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Roasted asparagus mimosas

Add to the classic asparagus mimosa by roasting the asparagus to deepen the flavor.

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    Asparagus mimosa are named for the hard-boiled egg adorning the spears, which resembles the white-and-yellow mimosa flower.
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The true culinary harbinger of spring – asparagus. When the tender stems push their way up through the dirt and out to the market, I really feel like we can start celebrating spring. Asparagus on the plate and buttercups in a vase mean soft days and gentle nights before the heat of summer truly starts. Color comes back, and the gray days of winter are behind us.

Asparagus mimosa is a classic preparation, but I like to mix it up a bit by roasting the asparagus to deepen the flavor and bring out the natural sweetness. I up the spring factor by tossing the spears with a simple dressing bright with lemon. The grated hard-boiled eggs are where the name mimosa comes from – the yellow and white is meant to look like a shower of mimosa petals. A platter of asparagus mimosa is a gorgeous addition to a brunch buffet table at any spring celebration.

Asparagus mimosa
Serves 6

For the asparagus:
1 pound asparagus
2 tablespoons olive oil
salt and pepper

For the dressing:
Juice of one medium lemon (about 3 tablespoons)
2 tablespoons olive oil
1 teaspoon Dijon mustard
2 hard boiled eggs

1. Heat to oven to 400 degrees F. Break any thick woody stems from the asparagus by just snapping them off. Place the asparagus on a rimmed baking sheet and then toss with the oil until each spear is coated. Spread the spears in one even layer. Sprinkle with salt and pepper and roast until tender, but still with some bite left to them, about 12 to 15 minutes.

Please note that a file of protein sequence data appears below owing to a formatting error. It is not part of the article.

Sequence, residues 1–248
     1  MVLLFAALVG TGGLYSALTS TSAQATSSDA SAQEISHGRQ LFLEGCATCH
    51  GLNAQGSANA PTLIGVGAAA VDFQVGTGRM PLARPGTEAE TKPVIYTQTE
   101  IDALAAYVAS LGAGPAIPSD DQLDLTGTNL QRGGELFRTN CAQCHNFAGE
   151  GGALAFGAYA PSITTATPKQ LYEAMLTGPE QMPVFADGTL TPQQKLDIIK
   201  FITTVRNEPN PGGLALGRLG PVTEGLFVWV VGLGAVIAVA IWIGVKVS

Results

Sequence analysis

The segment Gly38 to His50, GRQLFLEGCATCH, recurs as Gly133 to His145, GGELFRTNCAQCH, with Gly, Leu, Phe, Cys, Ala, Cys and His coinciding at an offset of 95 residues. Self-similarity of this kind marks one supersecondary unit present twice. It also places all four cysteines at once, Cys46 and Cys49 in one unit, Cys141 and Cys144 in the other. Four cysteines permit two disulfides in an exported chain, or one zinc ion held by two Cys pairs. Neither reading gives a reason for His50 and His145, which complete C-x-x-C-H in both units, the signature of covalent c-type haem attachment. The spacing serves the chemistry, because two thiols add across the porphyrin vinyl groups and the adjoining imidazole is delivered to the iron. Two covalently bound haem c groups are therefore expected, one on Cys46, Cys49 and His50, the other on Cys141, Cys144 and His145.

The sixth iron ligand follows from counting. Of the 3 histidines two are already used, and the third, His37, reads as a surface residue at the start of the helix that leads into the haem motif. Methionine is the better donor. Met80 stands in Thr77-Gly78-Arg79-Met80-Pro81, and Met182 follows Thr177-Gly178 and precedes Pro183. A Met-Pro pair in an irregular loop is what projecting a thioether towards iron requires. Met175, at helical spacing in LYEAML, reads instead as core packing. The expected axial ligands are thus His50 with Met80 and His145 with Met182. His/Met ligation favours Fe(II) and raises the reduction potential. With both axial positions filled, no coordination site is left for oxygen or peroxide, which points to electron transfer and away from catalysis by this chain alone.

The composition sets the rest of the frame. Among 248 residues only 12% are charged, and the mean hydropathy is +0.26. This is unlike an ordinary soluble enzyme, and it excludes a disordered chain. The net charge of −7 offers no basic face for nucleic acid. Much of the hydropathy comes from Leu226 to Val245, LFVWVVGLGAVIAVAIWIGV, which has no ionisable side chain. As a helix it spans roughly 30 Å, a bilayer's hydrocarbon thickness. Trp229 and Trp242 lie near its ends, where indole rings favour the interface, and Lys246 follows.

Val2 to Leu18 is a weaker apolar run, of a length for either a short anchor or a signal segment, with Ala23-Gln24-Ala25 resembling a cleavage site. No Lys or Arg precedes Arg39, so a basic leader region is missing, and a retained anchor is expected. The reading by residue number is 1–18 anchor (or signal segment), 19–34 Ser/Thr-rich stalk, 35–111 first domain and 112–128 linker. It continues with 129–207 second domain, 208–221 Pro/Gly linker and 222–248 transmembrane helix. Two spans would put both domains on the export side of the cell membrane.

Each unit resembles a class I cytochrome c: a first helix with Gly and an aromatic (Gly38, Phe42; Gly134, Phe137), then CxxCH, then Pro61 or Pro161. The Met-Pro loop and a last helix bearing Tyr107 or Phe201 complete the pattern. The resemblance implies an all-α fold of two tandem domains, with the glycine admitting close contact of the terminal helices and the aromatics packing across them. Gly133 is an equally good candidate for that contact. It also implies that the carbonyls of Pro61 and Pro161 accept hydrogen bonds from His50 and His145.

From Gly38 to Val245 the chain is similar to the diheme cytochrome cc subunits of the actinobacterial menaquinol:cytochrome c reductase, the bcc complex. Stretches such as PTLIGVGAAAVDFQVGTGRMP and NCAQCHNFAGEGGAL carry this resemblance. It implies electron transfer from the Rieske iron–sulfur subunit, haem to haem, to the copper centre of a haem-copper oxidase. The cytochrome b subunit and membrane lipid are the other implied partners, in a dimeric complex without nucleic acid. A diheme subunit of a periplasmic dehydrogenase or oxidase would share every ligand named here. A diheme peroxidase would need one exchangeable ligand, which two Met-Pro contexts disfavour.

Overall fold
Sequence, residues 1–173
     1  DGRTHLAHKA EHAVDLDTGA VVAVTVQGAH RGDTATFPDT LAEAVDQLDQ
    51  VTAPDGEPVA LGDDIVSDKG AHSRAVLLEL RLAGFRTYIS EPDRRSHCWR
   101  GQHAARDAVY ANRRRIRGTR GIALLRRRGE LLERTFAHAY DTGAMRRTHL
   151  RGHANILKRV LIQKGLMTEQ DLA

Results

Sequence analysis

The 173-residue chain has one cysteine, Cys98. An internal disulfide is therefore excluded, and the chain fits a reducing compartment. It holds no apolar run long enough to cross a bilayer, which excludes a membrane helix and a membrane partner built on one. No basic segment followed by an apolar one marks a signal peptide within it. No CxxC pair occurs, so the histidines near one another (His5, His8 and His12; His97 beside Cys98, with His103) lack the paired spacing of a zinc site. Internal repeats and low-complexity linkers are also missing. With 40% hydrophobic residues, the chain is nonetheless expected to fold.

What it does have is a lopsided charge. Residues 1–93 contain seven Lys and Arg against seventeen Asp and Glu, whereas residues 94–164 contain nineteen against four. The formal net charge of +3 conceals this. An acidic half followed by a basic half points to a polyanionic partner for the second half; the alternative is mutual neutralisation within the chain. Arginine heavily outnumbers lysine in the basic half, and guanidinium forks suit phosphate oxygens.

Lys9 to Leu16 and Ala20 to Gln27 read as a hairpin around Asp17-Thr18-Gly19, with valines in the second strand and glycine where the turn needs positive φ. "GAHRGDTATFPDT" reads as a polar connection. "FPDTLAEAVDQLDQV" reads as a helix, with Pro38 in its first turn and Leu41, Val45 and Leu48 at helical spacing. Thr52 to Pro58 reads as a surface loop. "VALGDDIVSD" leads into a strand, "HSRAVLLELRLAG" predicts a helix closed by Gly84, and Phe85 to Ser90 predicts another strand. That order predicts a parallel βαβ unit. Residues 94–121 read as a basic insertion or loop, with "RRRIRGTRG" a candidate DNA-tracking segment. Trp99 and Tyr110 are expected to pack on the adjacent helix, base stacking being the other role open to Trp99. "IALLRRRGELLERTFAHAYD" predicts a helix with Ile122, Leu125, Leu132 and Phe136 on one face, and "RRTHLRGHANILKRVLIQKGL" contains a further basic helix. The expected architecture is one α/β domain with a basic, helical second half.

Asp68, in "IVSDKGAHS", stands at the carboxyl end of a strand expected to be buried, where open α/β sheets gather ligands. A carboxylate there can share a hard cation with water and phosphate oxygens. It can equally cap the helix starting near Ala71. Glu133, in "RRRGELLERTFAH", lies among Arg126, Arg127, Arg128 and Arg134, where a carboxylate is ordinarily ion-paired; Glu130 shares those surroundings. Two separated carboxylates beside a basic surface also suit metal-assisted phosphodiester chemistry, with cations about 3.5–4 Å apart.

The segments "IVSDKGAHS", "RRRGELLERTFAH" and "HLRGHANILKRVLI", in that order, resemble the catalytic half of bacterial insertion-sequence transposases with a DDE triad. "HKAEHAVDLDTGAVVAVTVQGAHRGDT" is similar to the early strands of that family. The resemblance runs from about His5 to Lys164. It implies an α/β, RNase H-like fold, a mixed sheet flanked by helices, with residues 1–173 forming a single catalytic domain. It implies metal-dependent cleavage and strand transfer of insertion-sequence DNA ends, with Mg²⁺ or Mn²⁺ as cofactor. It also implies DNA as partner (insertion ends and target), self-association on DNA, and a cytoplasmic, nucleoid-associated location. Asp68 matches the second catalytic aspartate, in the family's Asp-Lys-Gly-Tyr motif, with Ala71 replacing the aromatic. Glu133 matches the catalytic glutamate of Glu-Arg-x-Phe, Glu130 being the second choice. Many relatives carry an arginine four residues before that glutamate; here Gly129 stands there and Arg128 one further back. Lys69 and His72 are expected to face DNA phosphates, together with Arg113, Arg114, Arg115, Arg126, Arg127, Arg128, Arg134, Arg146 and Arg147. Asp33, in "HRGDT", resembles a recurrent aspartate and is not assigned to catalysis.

2. While the asparagus are cooking, whisk together the lemon juice, olive oil, and mustard until smooth and emulsified. Remove the baked asparagus to a platter and toss with the dressing.

3. Cut the eggs in half and pop out the yolks. Press the whites, one half at a time, through a wire mesh strainer, then do the same for the yolks. Use a spatula or the back of a spoon to push them through. I like to do this onto a plate into a pile of whites and pile of yolks, then carefully arrange them over the asparagus.

4. The asparagus can be roasted and dressed a few hours ahead. Add the eggs just before serving.

Notes: In the picture above, I added some color with a few cherry tomatoes and some chive blossoms I purchased at the farmers market.

Related post on The Runaway Spoon: Buttery lemon dill stuffed eggs

The Christian Science Monitor has assembled a diverse group of food bloggers. Our guest bloggers are not employed or directed by The Monitor and the views expressed are the bloggers' own and they are responsible for the content of their blogs and their recipes. All readers are free to make ingredient substitutions to satisfy their dietary preferences, including not using wine (or substituting cooking wine) when a recipe calls for it. To contact us about a blogger, click here.

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